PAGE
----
In the days of smacking, police walked around alone in tunics with no visible weapons. Now they make their rare public appearances in pairs or squads, clad in stab vests, clubs, pepper sprays and handcuffs.
Because of course absolutely nothing else in the world has changed politically, socially, culturally or economically.
They also roped in Jan Moir to opine, after detailing the barbaric discipline that used to be commonplace in schools and telling the hilarious story of her mum using a kettle “to ding my brother on the bonce”:
we all lived through an age of crime and home-grown or class-based punishment. And it didn’t do us any harm.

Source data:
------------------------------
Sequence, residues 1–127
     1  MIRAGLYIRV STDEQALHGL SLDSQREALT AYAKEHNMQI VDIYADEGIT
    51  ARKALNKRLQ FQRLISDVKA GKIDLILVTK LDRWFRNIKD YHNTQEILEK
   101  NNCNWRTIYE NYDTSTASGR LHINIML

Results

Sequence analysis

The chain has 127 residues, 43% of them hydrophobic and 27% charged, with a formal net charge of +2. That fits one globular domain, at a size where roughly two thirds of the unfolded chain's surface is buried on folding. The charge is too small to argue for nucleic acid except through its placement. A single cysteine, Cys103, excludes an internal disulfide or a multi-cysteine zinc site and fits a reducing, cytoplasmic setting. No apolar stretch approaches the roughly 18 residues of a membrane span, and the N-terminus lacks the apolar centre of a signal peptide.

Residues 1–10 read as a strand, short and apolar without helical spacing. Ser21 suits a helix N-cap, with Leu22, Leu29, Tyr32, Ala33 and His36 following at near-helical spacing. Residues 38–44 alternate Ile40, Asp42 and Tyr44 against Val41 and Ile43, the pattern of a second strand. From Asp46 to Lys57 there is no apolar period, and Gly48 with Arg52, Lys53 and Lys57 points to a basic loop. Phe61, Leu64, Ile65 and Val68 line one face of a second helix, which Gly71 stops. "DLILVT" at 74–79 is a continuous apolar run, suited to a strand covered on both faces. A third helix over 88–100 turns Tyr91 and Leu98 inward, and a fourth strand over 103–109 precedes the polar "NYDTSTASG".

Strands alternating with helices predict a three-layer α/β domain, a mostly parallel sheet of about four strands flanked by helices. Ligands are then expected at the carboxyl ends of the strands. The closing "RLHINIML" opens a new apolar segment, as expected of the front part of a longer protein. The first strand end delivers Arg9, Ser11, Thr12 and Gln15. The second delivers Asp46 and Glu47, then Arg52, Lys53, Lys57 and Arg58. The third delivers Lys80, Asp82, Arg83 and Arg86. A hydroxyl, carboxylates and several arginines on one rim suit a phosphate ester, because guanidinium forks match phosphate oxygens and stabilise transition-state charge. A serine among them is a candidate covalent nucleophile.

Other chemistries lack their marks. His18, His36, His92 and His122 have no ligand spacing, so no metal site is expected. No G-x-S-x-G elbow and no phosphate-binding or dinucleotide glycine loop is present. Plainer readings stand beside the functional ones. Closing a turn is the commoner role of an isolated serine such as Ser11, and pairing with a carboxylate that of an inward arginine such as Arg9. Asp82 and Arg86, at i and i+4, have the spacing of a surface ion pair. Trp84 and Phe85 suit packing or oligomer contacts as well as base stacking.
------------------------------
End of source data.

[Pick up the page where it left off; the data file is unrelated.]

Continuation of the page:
Imagine! Some people think whacking a child with a kettle is bad!
Today, to mark anti-bullying week, the Church of England has updated its anti-bullying guidelines for nurseries and primary schools. If a three-year-old wants to play with toys or clothes associated with the other gender,the guidance says, they shouldn’t be told not to or mocked for it.
Here’s the key phrase:
‘A child may choose the tutu, princess’s tiara and heels and/or the fireman’s helmet, tool belt and superhero cloak without expectation or comment’
The Daily Mail’s front page headline? No, of course it isn’t “let girls wear hard hats”. It’s “Church: let little boys wear tiaras,” because while nobody’s bothered about girls playing with boy stuff a wee boy in a tiara is clearly Satan’s work.
The article notes with disdain that “Schools are also told they cannot use the Christian faith or Bible teachings to justify behaviour that is considered to amount to bullying – for example, identifying a transgender pupil by a sex other than the one they have chosen.”